Gordon et al v. Jordan School District et al, No. 2:2017cv00677 - Document 115 (D. Utah 2018)

Court Description: MEMORANDUM DECISION AND ORDER granting in part 67 Plaintiff's Motion to Certify Class: The court hereby designates the following as class counsel: D. Loren Washburn, Mark Smith, and Jacob Fonnesbeck. The court declines to appoint Brent Gordon as counsel because he is likely to be a necessary witness. The class representatives shall be the named student plaintiffs: S.G., L.D., B.S., M.C., D.R., I.N., and I.C. Signed by Judge Robert J. Shelby on 10/9/18. (dla)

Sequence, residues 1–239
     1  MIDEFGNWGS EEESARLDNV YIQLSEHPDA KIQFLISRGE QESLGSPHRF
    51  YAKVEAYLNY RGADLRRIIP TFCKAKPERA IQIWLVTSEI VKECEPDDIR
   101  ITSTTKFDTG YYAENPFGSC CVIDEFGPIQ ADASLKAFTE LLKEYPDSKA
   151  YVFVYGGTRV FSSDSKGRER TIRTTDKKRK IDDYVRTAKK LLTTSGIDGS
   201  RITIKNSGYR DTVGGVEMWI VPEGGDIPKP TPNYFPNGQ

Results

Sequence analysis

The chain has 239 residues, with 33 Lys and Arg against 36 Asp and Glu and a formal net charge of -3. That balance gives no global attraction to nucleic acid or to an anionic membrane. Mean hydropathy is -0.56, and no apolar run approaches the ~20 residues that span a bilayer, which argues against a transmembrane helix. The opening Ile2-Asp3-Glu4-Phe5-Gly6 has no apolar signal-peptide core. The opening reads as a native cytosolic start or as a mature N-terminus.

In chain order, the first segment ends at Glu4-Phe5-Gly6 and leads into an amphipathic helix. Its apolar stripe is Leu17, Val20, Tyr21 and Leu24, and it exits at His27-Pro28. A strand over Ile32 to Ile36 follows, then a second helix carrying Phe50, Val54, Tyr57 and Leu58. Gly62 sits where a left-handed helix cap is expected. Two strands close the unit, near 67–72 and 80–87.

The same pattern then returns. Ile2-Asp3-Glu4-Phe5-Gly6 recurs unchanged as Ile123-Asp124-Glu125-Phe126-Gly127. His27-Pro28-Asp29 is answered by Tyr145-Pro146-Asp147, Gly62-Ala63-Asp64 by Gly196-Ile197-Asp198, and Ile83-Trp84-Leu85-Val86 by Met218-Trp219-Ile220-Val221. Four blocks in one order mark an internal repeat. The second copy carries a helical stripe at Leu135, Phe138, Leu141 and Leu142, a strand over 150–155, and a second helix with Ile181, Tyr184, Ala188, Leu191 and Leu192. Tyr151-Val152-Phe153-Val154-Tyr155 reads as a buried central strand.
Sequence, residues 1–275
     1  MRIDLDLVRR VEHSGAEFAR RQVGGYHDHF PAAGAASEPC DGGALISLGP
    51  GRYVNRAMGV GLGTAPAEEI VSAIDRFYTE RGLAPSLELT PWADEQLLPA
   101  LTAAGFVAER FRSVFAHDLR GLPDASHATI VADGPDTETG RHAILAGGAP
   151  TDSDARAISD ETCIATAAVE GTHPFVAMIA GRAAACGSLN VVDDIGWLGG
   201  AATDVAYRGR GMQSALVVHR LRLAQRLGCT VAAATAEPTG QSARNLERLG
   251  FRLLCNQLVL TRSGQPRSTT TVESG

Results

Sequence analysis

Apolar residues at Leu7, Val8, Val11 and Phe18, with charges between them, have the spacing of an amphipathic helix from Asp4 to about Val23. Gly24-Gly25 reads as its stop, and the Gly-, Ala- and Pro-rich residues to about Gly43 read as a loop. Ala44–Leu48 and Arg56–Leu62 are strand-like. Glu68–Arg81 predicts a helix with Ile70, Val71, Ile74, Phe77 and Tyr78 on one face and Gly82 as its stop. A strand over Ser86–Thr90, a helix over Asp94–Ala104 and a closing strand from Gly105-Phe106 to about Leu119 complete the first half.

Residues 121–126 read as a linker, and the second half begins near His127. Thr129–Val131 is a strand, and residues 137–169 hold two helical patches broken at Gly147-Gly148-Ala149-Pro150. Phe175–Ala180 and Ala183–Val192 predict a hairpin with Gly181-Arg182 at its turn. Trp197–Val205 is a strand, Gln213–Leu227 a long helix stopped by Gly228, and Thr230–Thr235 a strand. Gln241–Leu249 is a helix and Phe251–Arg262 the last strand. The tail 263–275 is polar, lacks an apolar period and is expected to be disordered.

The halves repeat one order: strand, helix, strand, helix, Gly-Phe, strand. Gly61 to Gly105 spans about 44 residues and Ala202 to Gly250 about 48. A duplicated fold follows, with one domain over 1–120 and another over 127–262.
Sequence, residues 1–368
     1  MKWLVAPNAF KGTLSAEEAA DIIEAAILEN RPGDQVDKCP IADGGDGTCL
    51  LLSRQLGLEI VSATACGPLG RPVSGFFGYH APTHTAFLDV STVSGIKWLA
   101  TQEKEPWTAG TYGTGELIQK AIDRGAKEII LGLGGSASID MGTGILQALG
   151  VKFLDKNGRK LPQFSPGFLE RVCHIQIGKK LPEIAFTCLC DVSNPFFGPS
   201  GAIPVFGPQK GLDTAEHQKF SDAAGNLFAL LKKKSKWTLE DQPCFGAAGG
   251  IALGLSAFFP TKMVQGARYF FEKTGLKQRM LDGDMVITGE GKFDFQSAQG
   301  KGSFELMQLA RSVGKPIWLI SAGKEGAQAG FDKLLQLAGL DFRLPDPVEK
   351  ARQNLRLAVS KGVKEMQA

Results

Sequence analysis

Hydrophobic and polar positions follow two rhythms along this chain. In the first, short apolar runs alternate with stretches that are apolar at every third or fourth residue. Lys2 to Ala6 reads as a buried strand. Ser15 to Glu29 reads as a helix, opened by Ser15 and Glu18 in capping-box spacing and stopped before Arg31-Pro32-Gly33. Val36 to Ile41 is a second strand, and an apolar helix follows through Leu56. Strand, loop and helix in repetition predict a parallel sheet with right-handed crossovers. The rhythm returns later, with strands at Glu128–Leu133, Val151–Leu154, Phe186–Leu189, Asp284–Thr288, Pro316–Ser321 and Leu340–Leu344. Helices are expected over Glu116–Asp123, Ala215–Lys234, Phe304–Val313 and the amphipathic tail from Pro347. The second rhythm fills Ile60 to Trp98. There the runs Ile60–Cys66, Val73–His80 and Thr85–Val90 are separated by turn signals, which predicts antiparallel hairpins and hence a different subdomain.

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Gordon et al v. Jordan School District et al Doc. 115 THE UNITED STATES DISTRICT COURT FOR THE DISTRICT OF UTAH, CENTRAL DIVISION S.G., by and through her general guardian, BRENT GORDON, et al., Plaintiffs, v. MEMORANDUM DECISION AND ORDER GRANTING IN PART PLAINTIFFS’ MOTION TO CERTIFY CLASS JORDAN SCHOOL DISTRICT, et al., Case No. 2:17-CV-00677 Defendants. Judge Robert J. Shelby This case involves a group of female students who want more athletic opportunities, including a girls’ football team, at their high schools. Plaintiffs originally sought to certify a class of all present and future female high school students, including those who seek to participate “in girls-only football teams, or in other sports or teams not offered at the Districts’ high schools.” 1 Plaintiffs’ counsel made an oral motion to withdraw the Motion to Certify during a hearing on February 13, 2018. 2 The court granted the oral motion to withdraw and allowed Plaintiffs an opportunity to amend their Complaint. Plaintiffs amended their Complaint, and now seek to certify a class of female students seeking more athletic opportunities and a subclass of female students seeking a girls’ football team. For the reasons stated below, the Motion to Certify Class is granted in part and denied in part. 3 BACKGROUND Plaintiffs are seven minor female students, by and through their guardians, who attend or will attend high schools in Jordan, Granite, or Canyons school districts. The lead Plaintiff, S.G., 1 Dkt. 33 at i–ii. 2 Dkt. 44. 3 Dkt. 67. Dockets.Justia.com helped start a recreational girls-only tackle football league in 2015. 4 The recreational league started with 50 participants but quickly grew to approximately 200 by spring 2017. 5 Plaintiffs allege the majority of girls who play in the recreational league “reside within the Districts’ boundaries and either attend or will attend high school at one of the Districts’ high schools.” 6 Plaintiffs allege female students in the Districts also want more athletic opportunities in general. Based on public records requests, Plaintiffs allege high schools in the Districts “provided an average of 2,260 more participation opportunities to boys than girls” for each of the three years before they filed this action. 7 Plaintiffs sued the Districts and their superintendents (collectively, the Districts), together with the Utah High School Activities Association, alleging three violations of Title IX and one violation of the Equal Protection Clause. Based on the allegations in their Second Amended Complaint, 8 Plaintiffs now seek to certify two classes: (1) a “female athletes” class of “[a]ll present and future Jordan, Canyon, and Granite school district female high school students who seek to participate and/or are or were deterred from participating in athletics,” and (2) a “football subclass” of “[a]ll present and future Jordan, Canyon, and Granite school district female high school students who seek to participate and/or are or were deterred from participating on girls high school football teams.” 9 Plaintiffs 4 Dkt. 76, ¶ 202. 5 Id. ¶ 203. 6 Id. ¶ 204. 7 Id. ¶ 49. 8 Plaintiffs’ First Amended Complaint added another female student as a plaintiff but did not otherwise alter the original allegations. 9 Dkt. 67, at 2. 2 seek to certify both the female athletes class and the football subclass for their Title IX equal accommodation claim, and to certify only the football subclass for their Title IX contact sports claim, Title IX equal treatment claim, and Equal Protection Clause claim. 10 ANALYSIS Class certification is appropriate only if the moving party satisfies the four requirements of Federal Rule of Civil Procedure 23(a) and one of the requirements of Rule 23(b). 11 I. Rule 23(a) requirements Under Rule 23(a), class certification is appropriate only if: “(1) the class is so numerous that joinder of all members is impracticable; (2) there are questions of law or fact common to the class; (3) the claims or defenses of the representative parties are typical of the claims or defenses of the class; and (4) the representative parties will fairly and adequately protect the interests of the class.” 12 The party seeking class certification must “affirmatively demonstrate” compliance with Rule 23(a) by proving “that there are in fact sufficiently numerous parties, common questions of law or fact, etc.” 13 The district court “has an independent obligation to conduct a rigorous analysis before concluding that Rule 23’s requirements have been satisfied.” 14 A. Adequacy The court begins the Rule 23 analysis with adequacy because it will determine how each class proceeds. The adequacy requirement has two components: (1) “the proposed class 10 Dkt. 76 at 46–47; Dkt. 67 at 2–3. 11 DG ex rel. Stricklin v. Devaughn, 594 F.3d 1188, 1194 (10th Cir. 2010). 12 Fed. R. Civ. P. 23(a). 13 Wal-Mart Stores, Inc. v. Dukes, 564 U.S. 338, 350 (2011). 14 Wallace B. Roderick Revocable Living Tr. v. XTO Energy, 725 F.3d 1213, 1217 (10th Cir. 2013) (internal quotation marks omitted). 3 representative must have an interest in vigorously pursuing the claims of the class,” and (2) the representative “must not have interests antagonistic to the interests of other class members.” 15 Defendants ask the court to deny certification based on a failure of the second component because the class and subclass seek conflicting remedies. As Defendants note, “If the Districts implemented girls football today, it is unclear whether the named Plaintiffs would continue to represent the Female Athlete Class at all.” 16 The court agrees that the remedies the class and subclass seek could conflict with each other in a way that would render their representation inadequate. 17 In their Reply in support of the Motion to Certify, Plaintiffs ask the court to redefine the classes or certify only a football class if the court finds a failure with one of the proposed classes. 18 Where a proposed class has potential conflicts between members, the court may instead certify two separate subclasses. 19 Each subclass is then treated as its own class, “meaning it has its own independent class representative who is a member of that subclass and its own independent counsel.” 20 Splitting the female athletes class and football subclass into two separate classes—each with its independent representative and counsel—would resolve the 15 Certification of subclasses under Rule 23(c)(5), 1 McLaughlin on Class Actions § 4:45 (14th ed.). 16 Dkt. 86, at 7. 17 Another district court faced with similar circumstances found “an inherent conflict” between a class that included students seeking a women’s rowing team and a class of all participants in women’s athletics. The conflict arose because “compliance could conceivably be achieved, in part, by taking away the allegedly paltry resources allocated to women’s rowing, and bestowing them along with new resources on other women’s varsity sports, a prospect to which the representatives would not likely be amenable.” Miller v. Univ. of Cincinnati, 241 F.R.D. 285, 290 (S.D. Ohio 2006). 18 Dkt 91, at 10. 19 Boucher v. Syracuse Univ., 164 F.3d 113, 119 (2d Cir. 1999); see also 32B Am. Jur. 2d Federal Courts § 1718. 20 Conflict subclasses and their requirements, 3 Newberg on Class Actions § 7:31 (5th ed.). 4 conflict presented. The court thus will split the classes and analyze whether each independently satisfies the remaining Rule 23(a) factors. 21 B. Numerosity For each class, the moving party must show that “the class is so numerous that joinder of all members is impracticable.” 22 This requires setting forth “ascertainable numbers constituting the class in order to satisfy even the most liberal interpretation of the numerosity requirement.” 23 There is no “set formula” to determine whether a proposed class is so numerous that joinder of all members is impracticable. Instead, “[a] number of factors are relevant in determining whether joinder is impracticable, including the class size, the geographic diversity of class members, the relative ease or difficulty in identifying members of the class for joinder, the financial resources of class members, and the ability of class members to institute individual lawsuits.” 24 In other words, whether joinder is impractical turns on the particular circumstances of the case. “The duty of establishing those particular circumstances rests with the party who asserts the existence of the class and that party must produce some evidence or otherwise establish by reasonable estimate the number of class members who may be involved.” 25 21 Although mindful of the arguments made by Defendants in their motion to file a joint supplemental memorandum in opposition to Plaintiffs’ Motion to Certify Class (Dkt. 103), those arguments would not change the court’s analysis concerning adequacy or numerosity. Accordingly, the Defendants’ motion is DENIED. 22 Fed. R. Civ. P. 23(a)(1). 23 Rex v. Owens ex rel. Oklahoma, 585 F.2d 432, 436 (10th Cir. 1978). 24 Colorado Cross-Disability Coal. v. Taco Bell Corp., 184 F.R.D. 354, 357 (D. Colo. 1999); see Robert Newburg, Newberg on Class Actions § 3:11 (5th ed. 2018). Because the court ultimately finds that the Plaintiffs failed to provide the court with any evidence from which it could reasonably estimate the proposed size of the female athletes class, it is unnecessary to consider any factors beyond size for that class. 25 Rex., 585 F.2d at 436. The court acknowledges that the Tenth Circuit has favorably cited cases holding that where a suit seeks only injunctive relief, “even speculative and conclusory representations as to the size of the class are sufficient.” Horn v. Associated Wholesale Grocers, Inc., 555 F.2d 270, 275–76 (10th Cir. 1977); see also Goodnight v. Shalala, 837 F. Supp. 1564, 1582 (D. Utah 1993) (citing Horn). But see DG ex rel. Stricklin v. Devaughn, 594 F.3d 1188, 1194 (10th Cir. 2010) (“In deciding whether the proposed class meets these requirements, the district court must accept the substantive allegations of the complaint as true, though it need not 5 1. Female athletes numerosity For the female athletes class, Plaintiffs allege the Districts provided an average of 2,260 more athletic participation opportunities to boys than girls each year, which they argue is evidence of how many girls were deterred from participating in athletic opportunities. Plaintiffs also argue it is difficult to identify how many other girls are interested in playing new sports, pointing to anecdotal evidence showing that the number of girls who joined high school golf teams when offered far exceeded schools’ expectations. Finally, Plaintiffs seek to include future students and contend that because future class members are “necessarily unidentifiable,” joinder is impracticable. Defendants insist none of this provides an ascertainable number of class members. Defendants insist the smaller number of athletic opportunities for girls does not show numerosity because it does not prove how many girls were deterred by the lack of opportunities. Defendants also argue the evidence of how many girls participated in golf is irrelevant to the question of how many girls seek to participate in other sports. The court concludes Plaintiffs have not met the numerosity requirement for the female athletes class. Plaintiffs have not produced any competent evidence or reasonable estimate of how many girls “seek to participate and/or are or were deterred from participating in athletics.” The evidence about how many girls joined golf teams years ago does not provide persuasive evidence or a reasonable estimate of how many girls are still deterred from participating in athletics. It may indeed be difficult to determine how many girls will join a team before that blindly rely on conclusory allegations of the complaint which parrot Rule 23 and may consider the legal and factual issues presented by plaintiff's complaints.”) (citation omitted) (internal quotation marks omitted). Absent clear guidance, the court declines to depart from the well-established rule that the party seeking certification must provide evidence from which a court can reasonably infer class size. 6 team is available; however, Plaintiffs did not even provide relatively accessible evidence, such as survey responses from students indicating that a given student would play a given sport, if offered by their District. And even if such survey evidence was somehow inaccessible, that would not change Plaintiffs’ burden under Rule 23(a) “to prove that there are in fact sufficiently numerous parties.” 26 Plaintiffs’ arguments about golf serve only to show that the number of girls who express interest before a team exists may be much lower than the number of girls who end up participating. But Plaintiffs have not provided any evidence pointing to the first part of this conclusion—that a number of girls have expressed interest in more athletic opportunities in the Districts. Without such evidence, the court cannot conclude that Plaintiffs have established the number of girls who seek more athletic opportunities is so large that joinder is impracticable. 27 The addition of future members in the proposed class also does not satisfy the numerosity prong because Plaintiffs have still provided no reasonable estimate or basis for the court to extrapolate how many future members of the class would actually seek to participate or are deterred from participating in athletics. 26 Dukes, 564 U.S. at 350. 27 Although it is true that courts have sometimes made inferential leaps to find that joinder was impracticable, Plaintiffs ask for an inferential leap that is both unprecedented and unsupported by evidence. Take for example, Colorado Cross Disability Coalition v. Abercrombie & Fitch, 765 F.3d 1205, 1215 (10th Cir. 2014). That case involved millions of Americans with disabilities; whereas, this case involves a few thousand students. Where there are millions of potential class members, it takes a short inferential leap to conclude that “the class is so numerous that joinder of all members is impracticable.” If just 0.1 percent of 1 million potential class members are, in fact, class members, the class would consist of 1,000 members. But if 0.1 percent of 2,260 potential class members are members, the class would consist of no more than 3 members (excluding any named plaintiffs). Plaintiffs thus ask the court to make an inferential leap several magnitudes greater than that made in Colorado Cross Disability Coalition, and the court hesitates to make such a leap on the facts presented in this case. More fundamentally, Plaintiffs have provided no evidentiary basis from which a court could make any reasonable inferential leap. Unlike in Colorado Cross Disability Coalition, where Plaintiffs “submitted declarations from five of its members who averred that they shop at malls where Hollister stores are located,” Plaintiffs here have not provided even a single student statement that they have been deterred from playing sports by lack of opportunity. Id. at 1215. 7 Plaintiffs have failed to show numerosity exists for the female athletes class. Because the class fails on this prong, it is not necessary to address commonality or typicality. The Motion for Class Certification for the female athletes class is denied. 2. Football class numerosity 28 For the football class, Plaintiffs point to the fact that a recreational girls’ football league has grown in recent years from 50 to more than 200 participants, representing a rapid upward trend in interest and participation. Plaintiffs argue even more girls would play for a high school team, which would provide opportunities for school support, awards and recognition, regional and state competitions, and school credit. 29 Defendants argue Plaintiffs have not shown that all the 200 participants on the recreational league will be eligible to play on a high school team and would choose football over other sports. The court rejects Defendants’ suggestion that it should require evidence that female students would choose to play football over other sports. The proposed class is for female students “who seek to participate and/or are or were deterred from participating on girls high school football teams.” The court need not look into whether proposed class members would seek to play other sports to determine whether they seek to participate in football. Nevertheless, the court is troubled by the paucity of evidence Plaintiffs have provided. The court notes that Plaintiffs could almost certainly acquire evidence demonstrating the interest and eligibility of the 200 recreational league participants because at least some of the Plaintiffs 28 Plaintiffs conceded at oral argument that a girls football class was necessary because its members were distinct from the female athletes class. Specifically, the conceded distinction was that the girls football class’s members would play high school girls football (if offered by the Districts) at the exclusion of any other sport. Because the court understands that the members of the girls football class do not seek more athletic opportunities in general but instead a girls football team, the court concludes that the members of the girls football class cannot count towards the female athletes’ numerosity requirement. 29 Dkt. 76, ¶ 206. 8 helped form the league and presumably know the identities of its participants. It seems Plaintiffs could easily have submitted questionnaires or surveys from the 200 participants regarding their interest and eligibility for playing on a high school team in the Districts. 30 Such evidence would have been helpful in this case; without it, the court must infer that an unknown but substantial number of the recreational league participants desire to play on a high school team and are eligible to do so. And in another context, the court would hold Plaintiffs’ evidentiary showing insufficient. However, in cases seeking only injunctive relief, Tenth Circuit law instructs that such evidence is not always necessary. 31 Notably, the Tenth Circuit has drawn similar inferences as the ones Plaintiffs urge the court to draw here. For example, in Colorado Cross Disability Coalition, the defendant, which operated Hollister stores nationwide, argued that Colorado Cross Disability Coalition (CCDC), a group suing on behalf of disabled customers, had failed to meet the numerosity requirement because it had presented no evidence about the size of the proposed class. 32 In reviewing the evidence submitted before the district court, the Tenth Circuit noted there were nearly 250 Hollister stores with allegedly inaccessible porches in over 40 states, and five proposed class members stated in declarations that they shop at malls where Hollister stores are located. 33 That evidence, combined with the court’s judicial notice of the fact that millions of Americans have 30 See Foltz v. Del. State Univ., 269 F.R.D. 419, 422 (D. Del. 2010) (noting that “questionnaires, letters, and emails from 54 prospective student athletes” were helpful when analyzing numerosity). 31 Horn, 555 F.2d at 276 (“In summary then, where, as here, the class is composed of a substantial number, no great need is present to identify each and every one. Since injunctive relief is the main goal of the action, all of the requirements are satisfied, and the equities favor the plaintiff and the class he represents, it is inappropriate to become stymied by the concept of very large numbers . . . . Injunctive relief is no less proper or practical because the number is 41 or 46 rather than some other number.”). 32 765 F.3d at 1215. 33 Id. 9 disabilities, created a reasonable inference that “a substantial number of disabled people live in the 40 states where Hollister stores are located; that these people, like CCDC members and many Americans, shop at malls, including the 250 malls with porched Hollisters; and that joining all of these people in one suit would be impracticable.” 34 Thus, the Tenth Circuit held, the district court had not abused its discretion in finding the plaintiffs satisfied the numerosity requirement. 35 Other circuits have reached similar conclusions. For example, in Pederson v. Louisiana State University, the Fifth Circuit addressed numerosity for a class of college athletes. 36 In that case, the district court provisionally certified a class of “[t]hose who have sought or seek to participate in varsity intercollegiate athletics at LSU but who are or were not allowed such participation due to LSU’s failure to field teams in said female varsity athletics.” 37 The district court later concluded the plaintiffs had failed to satisfy the numerosity requirement and decertified the class. 38 On appeal, the Fifth Circuit held the district court abused its discretion in decertifying the class, stating that “[o]ur independent review of the record satisfies us that the numerosity prong has been satisfied.” 39 The Fifth Circuit noted that even though only eight women attended varsity soccer tryouts, “well over 5,000 young women were playing soccer or fast-pitch softball at the high school level in Louisiana.” 40 The Court also noted that former 34 Id. 35 Id. 36 213 F.3d 858 (5th Cir. 2000). 37 Id. at 867. 38 Id. 39 Id. at 868. 40 Id. 10 members of a Louisiana soccer club had received scholarships to play soccer at other colleges. 41 Although those women were not students at Louisiana State University and therefore could not be members of the class, the Court considered the evidence relevant to “the talent pool in Louisiana” and therefore appropriate to consider for class certification purposes. 42 The inferences Plaintiffs urge the court to draw in this case (at least for the football class) are similar to those in Colorado Cross Disability Coalition and Pederson. Plaintiffs have presented evidence of 200 girls who play girls’ football and will attend high schools in the Districts. 43 It is reasonable to infer that a substantial number of the girls who play in the recreational league will also want to play on a high school team. Additionally, even assuming some of the girls on the recreational league are ineligible to play on a high school team, common sense leads to the conclusion that the remaining athletes would constitute a number too great for joinder. 44 In this limited context, Plaintiffs have satisfied the numerosity requirement for the football class. C. Commonality The party seeking class certification must also show “there are questions of law or fact common to the class.” 45 This requires a demonstration that the proposed class members “have suffered the same injury” that is based on a “common contention,” i.e., “that determination of its 41 Id. 42 Id. 43 Unlike the lack of evidence about subjective mental state of the proposed female athletes class, Plaintiffs have presented an evidentiary basis from which the court can make reasonable inferences—i.e., inferences resting on evidence and not merely speculation—about the number of football class members. 44 See Rex, 585 F.2d at 436 (“Class actions have been deemed viable in instances where as few as 17 to 20 persons are identified as the class.”). 45 Fed. R. Civ. P. 23(a)(2). 11 truth or falsity will resolve an issue that is central to the validity of each one of the claims in one stroke.” 46 Plaintiffs argue a common question of law and fact exists for three claims. For their Title IX equal accommodation claim, Plaintiffs assert the court must determine “whether the Districts’ failure to provide substantially equal participation opportunities to girls ‘is the result of girls’ lack of interest in athletics.’” 47 Second, Plaintiffs contend the court is faced with a common question of law and fact for the Title IX contact sports claim—namely, whether “opportunities for girls have historically been limited and there is sufficient interest and ability among girls to sustain viable teams and reasonable expectation of competition for the teams.” 48 Finally, Plaintiffs assert a common question of law exists for the Equal Protection Clause claim because the court must look to whether the Equal Protection Clause requires girls’ football teams if schools offer boys’ football teams. The Title IX claims do not involve a common question that is capable of classwide resolution. First, to determine “whether the Districts’ failure to provide substantially equal participation opportunities to girls ‘is the result of girls’ lack of interest in athletics,’” the court would need to look to whether female students in each of the three Defendant school districts lack interest in athletics. This is necessarily an individualized assessment, and the determination of its truth or falsity in each District will not necessarily resolve the issue for all proposed class members (drawn collectively from all three districts) in one stroke. 46 Dukes, 564 U.S. at 349–50. 47 Dkt. 67 at 7 (quoting Ollier v. Sweetwater Union High Sch. Dist., 768 F.3d 843, 858 (9th Cir. 2014)). 48 Id. at 8. 12 The second Title IX claim does not satisfy commonality for the same reason. The court cannot determine whether “there is sufficient interest and ability among girls to sustain viable teams and reasonable expectation of competition for the teams” without looking to facts specific to the schools within each District. If there is sufficient interest and ability among girls to sustain teams at some schools but not others, the court cannot resolve the issue in one stroke. Thus, Plaintiffs have failed to show commonality for both Title IX claims. 49 However, the Equal Protection claim presents a common question of law: whether the Defendants discriminate on the basis of sex by providing football teams for boys but not for girls. Unlike the school or district specific inquiries presented by Plaintiffs’ Title IX claims, the Equal Protection claim presents a legal question common to all District Defendants, as it is stipulated that girls’ football is offered in none of the districts while boys’ football is offered in each. In light of this, a determination that the Defendants discriminate on the basis of sex would resolve a common question of law for the entire football class as to all District Defendants. Other factual issues may remain, but commonality does not require the resolution of all issues in one fell swoop. It requires only that the court’s determination on a common question “will resolve an issue that is central to the validity of each one of the claims in one stroke.” 50 The legal question presented by the Equal Protection claim satisfies this requirement. Thus, the proposed football class satisfies the commonality requirement only as to the Equal Protection claim. 49 Plaintiffs’ Motion to Certify does not address commonality for their equal treatment claim under Title IX. In any case, the court concludes the class would lack commonality for that claim for the same reasons as the other Title IX claims. 50 Dukes, 564 U.S. at 350. 13 D. Typicality Next, the class proponent must establish “the claims or defenses of the representative parties are typical of the claims or defenses of the class.” 51 This requirement is satisfied if “all class members are at risk of being subjected to the same harmful practices, regardless of any class member’s individual circumstances.” 52 Focusing on the proposed class and claim remaining, Plaintiffs argue their claims are typical of the claims of the whole football class because each girl attends a high school in a District that violates the Equal Protection Clause. Plaintiffs have shown they are subjected to the same practice—the Defendants’ refusal to establish school-sponsored girls’ football teams—as any other class member would be. For this reason, the court concludes Plaintiffs satisfy the typicality requirement. II. Rule 23(b) Because Plaintiffs have met all four requirements for class certification of the football class under Rule 23(a), the court must also assess whether they satisfy one of the requirements of Rule 23(b). Plaintiffs argue they satisfy Rule 23(b)(2), which requires showing that “the party opposing the class has acted or refused to act on grounds that apply generally to the class, so that final injunctive relief or corresponding declaratory relief is appropriate respecting the class as a whole.” 53 51 Fed. R. Civ. P. 23(a)(3). 52 DG ex rel. Stricklin, 594 F.3d at 1199. 53 Fed. R. Civ. P. 23(b)(2). 14 The requirements of general applicability and appropriateness of injunctive relief for the class as a whole are “independent but related” parts. 54 Taken together, the two parts require “cohesiveness among class members with respect to their injuries.” 55 To show cohesiveness, the party seeking certification must illustrate that classwide injunctive relief would “state its terms specifically and describe in reasonable detail . . . the act or acts restrained or required,” and that “class members’ injuries are sufficiently similar that they can be remedied in a single injunction without differentiating between class members.” 56 Plaintiffs persuasively contend they satisfy both requirements. They argue the Districts have refused to institute girls-only football as to the entire football class and injunctive relief for the class as a whole is appropriate. 57 Plaintiffs outline six possible injunctions, any of which would provide relief without differentiating between class members. 58 Therefore, Plaintiffs have met the requirements of Rule 23(b)(2). Because Plaintiffs have satisfied the requirements of Rule 23(a) and Rule 23(b)(2), the court concludes that class certification is appropriate for the football class on the Equal Protection claim. III. Standing for Equal Protection claim The Districts argue Plaintiffs lack standing for their Equal Protection claim because they are not members of a varsity team that has been discriminated against on the basis of sex. The Districts point to Pederson v. Louisiana State University, in which the Fifth Circuit held that 54 Shook v. Board of County Commissioners, 543 F.3d 597, 604 (10th Cir. 2008). 55 Id. 56 DG ex rel. Stricklin, 594 F.3d at 1200 (alteration in original) (internal quotation marks omitted). 57 Dkt. 76, ¶ 105. 58 Dkt. 76 at 46. 15 plaintiffs who were not members of a varsity team did not have standing “to challenge the treatment of existing varsity athletes.” 59 But Plaintiffs in this case do not seek relief on behalf of existing varsity athletes. They seek relief only on behalf of themselves and similarly situated female students on the ground that they have been discriminated against on the basis of sex. Plaintiffs have standing for their Equal Protection claim. IV. Conclusion Plaintiffs’ Motion to Certify Class is GRANTED in part and DENIED in part. 60 It is ORDERED that the following class shall be certified under Rules 23(a) and 23(b)(2) of the Federal Rules of Civil Procedure: All present and future Jordan, Canyon, and Granite school district female high school students who seek to participate and/or are or were deterred from participating on girls high school football teams. That class is certified with respect to all factual and legal issues relating to the Plaintiffs’ Equal Protection Claim against Defendants. Because Plaintiffs failed to provide the court an evidentiary basis from which to infer that Rule 23(a)’s numerosity requirement was satisfied with respect to the female athletes class, the court DENIES certification of that class. Although mindful of the arguments made by Defendants in their motion to file a joint supplemental memorandum in opposition to Plaintiffs’ Motion to Certify Class, those arguments would not change the court’s analysis concerning adequacy or numerosity. Accordingly, the Defendants’ Motion is DENIED. 61 59 213 F.3d at 872. 60 Dkt. 67. 61 Dkt. 103. 16 After the benefit of the parties’ briefing and careful consideration of the Rule 23(g) factors, the court hereby designates the following as class counsel: D. Loren Washburn, Mark Smith, and Jacob Fonnesbeck. The court declines to appoint Brent Gordon as counsel because he is likely to be a necessary witness. The class representatives shall be the named student plaintiffs: S.G., L.D., B.S., M.C., D.R., I.N., and I.C. SO ORDERED this 9th day of October, 2018. BY THE COURT: ________________________________________ ROBERT J. SHELBY United States District Judge 17